Space, Physics, and Math

VIDEO: Rock music

What makes these boulders ring?

June 28, 2017

Some unusual boulder fields lay scattered across Pennsylvania and New Jersey. What’s special? The rocks ring like bells when struck with a hammer.

Despite the rocks’ popularity, the question of why they ring has been largely abandoned by scientists. The only rudimentary answers appear in an obscure publication in 1970 by a Rutgers researcher who barely left a digital trace.

So Scienceline correspondents Harrison Tasoff and Marissa Shieh went out to one of these boulder fields with geologist Lawrence Malinconico of Lafayette College and composer Joseph Bertolozzi to experience and explain the ringing rocks.

About the Author

Marissa Shieh

Marissa Shieh graduated from Williams College with a B.A. in chemistry. She was a National Association of Science Writers Travel Fellow and a Jeffrey Owen Jones Fellow in Journalism. In hindsight, she realizes this was the only logical career after a childhood filled with National Geographic, Scientific American, and The New York Times. She loves Quantum Leap, Shakespeare in the Park, and MasterChef Junior. Her favorite punctuation mark is the em dash.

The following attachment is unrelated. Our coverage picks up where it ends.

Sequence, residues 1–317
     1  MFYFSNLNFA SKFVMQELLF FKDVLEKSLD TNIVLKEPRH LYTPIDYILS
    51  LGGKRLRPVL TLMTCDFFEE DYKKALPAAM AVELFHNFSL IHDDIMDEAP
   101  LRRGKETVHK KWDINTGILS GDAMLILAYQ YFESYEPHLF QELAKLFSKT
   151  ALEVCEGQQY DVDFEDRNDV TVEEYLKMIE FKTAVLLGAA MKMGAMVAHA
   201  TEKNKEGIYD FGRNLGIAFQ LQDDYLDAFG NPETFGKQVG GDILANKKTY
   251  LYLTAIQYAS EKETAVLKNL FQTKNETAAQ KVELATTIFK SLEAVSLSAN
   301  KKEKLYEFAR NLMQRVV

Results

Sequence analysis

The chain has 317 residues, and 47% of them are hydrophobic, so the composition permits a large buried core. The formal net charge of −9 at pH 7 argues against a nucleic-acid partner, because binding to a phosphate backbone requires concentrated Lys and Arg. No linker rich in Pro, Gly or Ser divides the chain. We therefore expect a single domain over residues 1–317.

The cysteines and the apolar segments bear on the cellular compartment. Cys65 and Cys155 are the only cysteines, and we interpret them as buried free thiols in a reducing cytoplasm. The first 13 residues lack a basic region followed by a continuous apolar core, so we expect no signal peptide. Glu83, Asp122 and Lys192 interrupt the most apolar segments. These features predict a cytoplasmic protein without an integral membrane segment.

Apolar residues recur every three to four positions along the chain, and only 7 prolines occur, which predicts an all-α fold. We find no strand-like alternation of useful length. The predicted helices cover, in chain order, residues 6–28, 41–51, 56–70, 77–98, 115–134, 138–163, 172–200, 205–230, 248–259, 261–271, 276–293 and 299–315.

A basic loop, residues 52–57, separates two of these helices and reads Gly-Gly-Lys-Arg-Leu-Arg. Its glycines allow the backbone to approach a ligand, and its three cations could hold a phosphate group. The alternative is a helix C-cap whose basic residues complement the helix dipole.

You can follow Marissa on Twitter here.


1 Comment

You’ve obviously never heard of our famous Musical Bridge over the Owenmore River at Bellacorick in N. Mayo, Ireland? The capstone slabs of hard limestone ring out when struck with another stone.
If you haven’t heard of it either then stop and play it next time you’re driving on the N59 near the Ballycroy National Park, grid ref 54.116667, -9.583333. It’s magic!

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